colleagues at the University of Waterloo and the University of Central
Florida. Supporting this interactivity was the advanced networking
infrastructure that served as the vital conduit that connected it all
together. Without Internet2, this work would have gone--literally--nowhere.
We are humbled and grateful to Internet2 for this prestigious award."

The U.S. National Library of Medicine at the National Institutes of Health
is developing advanced network-based tools and techniques that leverage the
speed and capability of research networks like Internet2 to enable doctors
from around the world to more effectively participate in cancer research
studies and enable more comprehensive analysis of cancer research data.
These tools have transformed the way geographically distant cancer
researchers are able to collaborate (e.g., over 40 researchers and medical
professionals across 6 countries) who have now conducted over ten studies in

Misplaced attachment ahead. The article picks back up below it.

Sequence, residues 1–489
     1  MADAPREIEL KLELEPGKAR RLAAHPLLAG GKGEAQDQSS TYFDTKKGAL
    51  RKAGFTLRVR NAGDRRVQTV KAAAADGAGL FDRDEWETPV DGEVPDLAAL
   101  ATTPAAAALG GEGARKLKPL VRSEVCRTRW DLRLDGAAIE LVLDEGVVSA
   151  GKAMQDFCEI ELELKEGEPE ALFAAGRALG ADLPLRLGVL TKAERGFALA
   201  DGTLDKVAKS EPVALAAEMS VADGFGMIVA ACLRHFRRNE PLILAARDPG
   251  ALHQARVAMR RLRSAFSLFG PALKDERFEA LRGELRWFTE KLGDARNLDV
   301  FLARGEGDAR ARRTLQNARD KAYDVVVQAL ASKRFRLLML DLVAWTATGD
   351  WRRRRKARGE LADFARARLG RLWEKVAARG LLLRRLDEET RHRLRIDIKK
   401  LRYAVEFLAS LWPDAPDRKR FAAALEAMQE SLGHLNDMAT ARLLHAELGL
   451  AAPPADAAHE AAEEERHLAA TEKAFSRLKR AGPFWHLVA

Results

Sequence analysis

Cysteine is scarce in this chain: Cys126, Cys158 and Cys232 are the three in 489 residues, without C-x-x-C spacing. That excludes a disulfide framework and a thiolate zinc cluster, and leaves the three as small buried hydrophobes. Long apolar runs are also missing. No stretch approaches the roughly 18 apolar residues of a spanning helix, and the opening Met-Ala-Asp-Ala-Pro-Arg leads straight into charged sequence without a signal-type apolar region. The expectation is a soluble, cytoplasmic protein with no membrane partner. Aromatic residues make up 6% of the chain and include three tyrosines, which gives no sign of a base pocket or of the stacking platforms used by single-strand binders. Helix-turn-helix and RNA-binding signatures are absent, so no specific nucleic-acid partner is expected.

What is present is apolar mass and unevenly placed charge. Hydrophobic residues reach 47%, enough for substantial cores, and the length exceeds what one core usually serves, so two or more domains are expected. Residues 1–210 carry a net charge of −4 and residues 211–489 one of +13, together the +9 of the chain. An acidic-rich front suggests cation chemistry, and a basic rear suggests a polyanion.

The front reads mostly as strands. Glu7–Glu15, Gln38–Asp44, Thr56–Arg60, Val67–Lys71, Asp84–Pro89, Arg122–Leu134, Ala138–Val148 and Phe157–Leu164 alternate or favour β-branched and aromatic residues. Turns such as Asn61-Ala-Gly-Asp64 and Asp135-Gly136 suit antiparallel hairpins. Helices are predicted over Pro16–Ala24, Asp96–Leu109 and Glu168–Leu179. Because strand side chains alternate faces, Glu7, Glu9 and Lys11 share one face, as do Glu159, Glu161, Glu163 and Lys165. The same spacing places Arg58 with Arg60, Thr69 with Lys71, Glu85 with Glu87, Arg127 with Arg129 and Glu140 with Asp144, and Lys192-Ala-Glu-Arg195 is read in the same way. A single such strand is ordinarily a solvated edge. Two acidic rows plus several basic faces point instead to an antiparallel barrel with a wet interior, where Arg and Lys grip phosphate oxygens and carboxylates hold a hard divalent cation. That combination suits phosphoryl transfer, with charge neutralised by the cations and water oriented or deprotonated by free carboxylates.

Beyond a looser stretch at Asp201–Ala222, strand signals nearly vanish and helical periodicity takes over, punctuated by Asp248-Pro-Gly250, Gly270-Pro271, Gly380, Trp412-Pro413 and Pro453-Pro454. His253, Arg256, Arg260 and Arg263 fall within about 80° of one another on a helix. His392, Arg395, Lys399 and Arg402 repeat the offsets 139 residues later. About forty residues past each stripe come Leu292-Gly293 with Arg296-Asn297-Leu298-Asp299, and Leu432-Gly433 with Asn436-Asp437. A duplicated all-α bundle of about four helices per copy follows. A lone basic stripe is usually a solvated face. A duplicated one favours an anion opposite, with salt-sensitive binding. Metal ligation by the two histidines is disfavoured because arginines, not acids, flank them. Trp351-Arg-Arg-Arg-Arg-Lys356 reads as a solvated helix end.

just two years which has significantly benefitted the field. While these
breakthrough tools are currently being utilized for cervical cancer
research, there is significant potential for extending their use broadly in
the biomedical field.

"Advanced research networks such as Internet2 could not be more critical in
the global enterprise to address the world's health by enabling
geographically distant researchers and health care workers to collaborate
remotely," said George Thoma, chief, Communications Engineering Branch, U.S.
National Library of Medicine. "The tools include systems to store thousands
of images and longitudinal patient records, and provide access to these
images by shape, color and texture features. The focus of current research
is to study cervical cancer caused by the Human Papillomavirus, but other
research areas are planned."

Lastly, the CSIRO Australia Telescope National Facility received the award